Speaker-Designate Steele promises focus on major pension reforms

CapitolBeatOK Staff Report

Published: 17-Sep-2010

Modernizing and stabilizing state pension systems will be a major focus of House Republican lawmakers in the 2011 legislative session, state Rep. Kris Steele announced this week. The push for reform comes in the midst of increasing national discussion and focus on government pension systems and likely crises in solvency.

“We must have a financially sound retirement system to keep our promises to past retirees, and we must modernize the system if we want to attract top talent in an increasingly mobile, global marketplace,” said Steele, a Shawnee Republican who is the House Speaker-designate. “That’s why House Republicans are committed to improving and solidifying state pension systems.”

State Rep. Randy McDaniel, who has nearly 20 years’ experience in the financial services industry, will lead the House effort, Steele said.

“I am pleased we are making this significant problem a top priority,” said McDaniel, an Edmond Republican who also serves as vice-chair of the Oklahoma State Pension Commission. “For decades, solving this problem has not been a priority and passed on to future generations. The time has come for creative solutions to address one of the state’s most significant financial challenges.”

“The poor funding status of our state pension retirement plans requires attention,” he continued. “When decade after decade the unfunded liability increases exponentially, the fact is reform is necessary and important to the future of Oklahoma. For example, ten years ago, the state’s unfunded pension liability was just over $6 billion. Today, it is nearly $15 billion – more than twice the size of the entire state budget.”

Failure to address Oklahoma’s pension problems will result in growing budget challenges in the future, McDaniel said, noting the problem is already near the crisis point in other states.

CapitolBeatOK has previously reported estimates from the Institute for Truth in Accounting that the combined debt from unfunded retirement/pension plans and other state government obligations is at least $14,600 per Oklahoma family.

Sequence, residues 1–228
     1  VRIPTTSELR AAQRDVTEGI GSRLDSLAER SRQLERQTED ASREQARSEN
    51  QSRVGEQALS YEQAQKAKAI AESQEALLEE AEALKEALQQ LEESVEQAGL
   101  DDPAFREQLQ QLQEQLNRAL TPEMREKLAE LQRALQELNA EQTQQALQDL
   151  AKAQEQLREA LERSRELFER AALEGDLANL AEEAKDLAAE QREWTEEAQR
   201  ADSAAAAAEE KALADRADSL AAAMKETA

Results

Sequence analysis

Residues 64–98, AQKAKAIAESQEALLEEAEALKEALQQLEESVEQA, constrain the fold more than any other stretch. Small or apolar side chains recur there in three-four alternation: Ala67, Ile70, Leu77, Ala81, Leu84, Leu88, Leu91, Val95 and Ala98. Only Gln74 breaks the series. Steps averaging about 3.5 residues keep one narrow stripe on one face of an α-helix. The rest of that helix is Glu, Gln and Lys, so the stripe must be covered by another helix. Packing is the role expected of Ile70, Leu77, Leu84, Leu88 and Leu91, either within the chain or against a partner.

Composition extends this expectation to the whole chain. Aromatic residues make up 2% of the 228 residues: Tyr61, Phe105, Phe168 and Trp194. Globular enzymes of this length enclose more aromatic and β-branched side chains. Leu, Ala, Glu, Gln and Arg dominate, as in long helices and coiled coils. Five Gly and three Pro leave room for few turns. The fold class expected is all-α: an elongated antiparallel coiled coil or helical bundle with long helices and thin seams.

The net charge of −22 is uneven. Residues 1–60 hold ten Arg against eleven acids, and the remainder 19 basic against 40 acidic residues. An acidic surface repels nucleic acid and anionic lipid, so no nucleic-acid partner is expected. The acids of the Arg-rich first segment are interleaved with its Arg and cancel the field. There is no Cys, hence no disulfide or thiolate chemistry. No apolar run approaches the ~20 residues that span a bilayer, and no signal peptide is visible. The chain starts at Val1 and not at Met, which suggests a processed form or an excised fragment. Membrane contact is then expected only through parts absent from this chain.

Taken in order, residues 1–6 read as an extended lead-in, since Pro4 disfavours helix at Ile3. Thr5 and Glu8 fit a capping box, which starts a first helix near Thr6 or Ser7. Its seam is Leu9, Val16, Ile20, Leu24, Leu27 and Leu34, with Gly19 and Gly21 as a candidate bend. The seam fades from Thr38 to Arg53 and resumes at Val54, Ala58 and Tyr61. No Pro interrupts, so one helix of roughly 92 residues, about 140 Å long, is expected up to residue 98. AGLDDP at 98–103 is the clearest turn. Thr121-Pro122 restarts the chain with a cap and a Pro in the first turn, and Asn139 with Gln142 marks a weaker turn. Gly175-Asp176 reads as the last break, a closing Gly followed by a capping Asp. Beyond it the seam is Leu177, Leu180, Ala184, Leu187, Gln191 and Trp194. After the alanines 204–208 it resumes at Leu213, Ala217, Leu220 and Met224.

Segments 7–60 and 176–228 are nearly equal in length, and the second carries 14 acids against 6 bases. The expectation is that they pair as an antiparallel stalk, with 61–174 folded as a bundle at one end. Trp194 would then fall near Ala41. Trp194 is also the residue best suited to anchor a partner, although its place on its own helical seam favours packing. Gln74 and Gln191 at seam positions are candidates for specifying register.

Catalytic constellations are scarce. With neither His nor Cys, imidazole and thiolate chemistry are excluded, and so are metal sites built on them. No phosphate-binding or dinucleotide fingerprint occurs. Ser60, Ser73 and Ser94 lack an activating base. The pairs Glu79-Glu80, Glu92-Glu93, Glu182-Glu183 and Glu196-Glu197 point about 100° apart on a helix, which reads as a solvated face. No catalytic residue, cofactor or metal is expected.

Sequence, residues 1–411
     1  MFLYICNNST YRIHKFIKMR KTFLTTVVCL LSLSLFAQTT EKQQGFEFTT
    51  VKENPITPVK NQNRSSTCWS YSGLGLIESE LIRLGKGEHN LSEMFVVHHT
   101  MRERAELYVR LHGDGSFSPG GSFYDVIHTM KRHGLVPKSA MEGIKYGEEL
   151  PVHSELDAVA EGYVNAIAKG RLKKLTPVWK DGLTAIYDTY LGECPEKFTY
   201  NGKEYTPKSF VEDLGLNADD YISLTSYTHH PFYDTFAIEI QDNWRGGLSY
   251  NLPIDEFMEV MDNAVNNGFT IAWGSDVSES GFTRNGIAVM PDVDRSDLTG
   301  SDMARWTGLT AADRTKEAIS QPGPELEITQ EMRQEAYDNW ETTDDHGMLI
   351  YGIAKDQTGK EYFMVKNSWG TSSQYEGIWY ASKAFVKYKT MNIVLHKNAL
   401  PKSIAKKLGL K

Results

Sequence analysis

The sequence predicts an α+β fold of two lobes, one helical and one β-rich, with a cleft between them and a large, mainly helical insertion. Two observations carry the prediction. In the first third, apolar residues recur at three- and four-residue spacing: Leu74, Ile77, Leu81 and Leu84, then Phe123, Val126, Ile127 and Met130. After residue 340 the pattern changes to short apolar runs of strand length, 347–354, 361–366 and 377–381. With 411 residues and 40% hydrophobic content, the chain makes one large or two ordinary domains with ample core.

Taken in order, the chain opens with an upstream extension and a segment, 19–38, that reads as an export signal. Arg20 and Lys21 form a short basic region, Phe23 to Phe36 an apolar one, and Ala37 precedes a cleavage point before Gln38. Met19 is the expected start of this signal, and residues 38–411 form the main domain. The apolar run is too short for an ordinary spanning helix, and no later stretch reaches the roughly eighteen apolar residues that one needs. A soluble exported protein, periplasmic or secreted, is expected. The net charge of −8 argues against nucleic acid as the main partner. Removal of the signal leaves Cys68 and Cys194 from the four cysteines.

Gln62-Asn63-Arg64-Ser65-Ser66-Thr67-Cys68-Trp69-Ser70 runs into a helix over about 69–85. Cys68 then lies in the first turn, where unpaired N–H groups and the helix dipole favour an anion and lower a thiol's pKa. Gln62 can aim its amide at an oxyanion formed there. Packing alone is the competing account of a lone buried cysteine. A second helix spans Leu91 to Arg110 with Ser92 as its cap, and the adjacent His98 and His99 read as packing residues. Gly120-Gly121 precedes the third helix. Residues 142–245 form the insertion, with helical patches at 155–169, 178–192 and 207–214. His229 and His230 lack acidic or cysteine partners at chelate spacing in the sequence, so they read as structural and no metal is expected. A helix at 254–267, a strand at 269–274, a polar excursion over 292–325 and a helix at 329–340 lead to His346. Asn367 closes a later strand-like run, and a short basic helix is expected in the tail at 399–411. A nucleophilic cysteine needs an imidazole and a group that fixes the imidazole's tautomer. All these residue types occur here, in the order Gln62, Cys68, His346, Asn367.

The Pew Center for the States has estimated Oklahoma’s pension/retirement plans are, at best, around 60 percent funded. Actuaries contend systems must be at least 80 percent funded to assure solvency.

The Oklahoma Teacher Retirement System has been tagged the second or third worst in the United States.  Non-teachers who are association executives are eligible in the state system, a source of controversy in the last legislative session.

While a wide range of solutions will be considered, McDaniel and Steele said this week, reform efforts will focus on increasing employee flexibility and long-term stability.

“Today’s workforce is more likely to have many employers compared to the workforce of previous generations,” McDaniel said. “The state needs to overhaul our retirement system to meet the needs of a more mobile 21st Century workforce.”

Potential reforms would grant workers more mobility, McDaniel said, ensuring employees do not lose retirement funds if they change jobs. He said reforms should also provide increased worker control over investment decisions.

The push for reform comes as analysts throughout the United States are focusing on the pension issue as one of the most significant facing state and local governments, and the national economy. The Mercatus Center at George Mason University in Virginis sponsoring a national seminar on the subject on September 24, with live streaming for those unable to attend in person.

Mercatus officials said, in an email this week to CapitolBeatOK, that information on the seminar is available from Kathleen O’Hearn at kohearn@gmu.edu or at (703) 993-8426. Options are available to attend or join the event via live stream.

Here in Oklahoma, McDaniel said, “I believe each individual should have the ability to pursue his or her own financial freedom. If we offer greater control and personal choice, workers can determine how much they want to invest, what investment choices meet their needs and risk tolerance, and when they want to retire.”

“We can no longer continue doing business as usual,” Steele said. “We must address the growing unfunded liabilities of our pension plans and create a modern retirement system. We are committed to developing creative solutions and meaningful reform measures that will make a real difference in the lives of current and future retirees.”

The next legislative session will convene in February 2011.

Note: Editor Patrick B. McGuigan contributed to this report.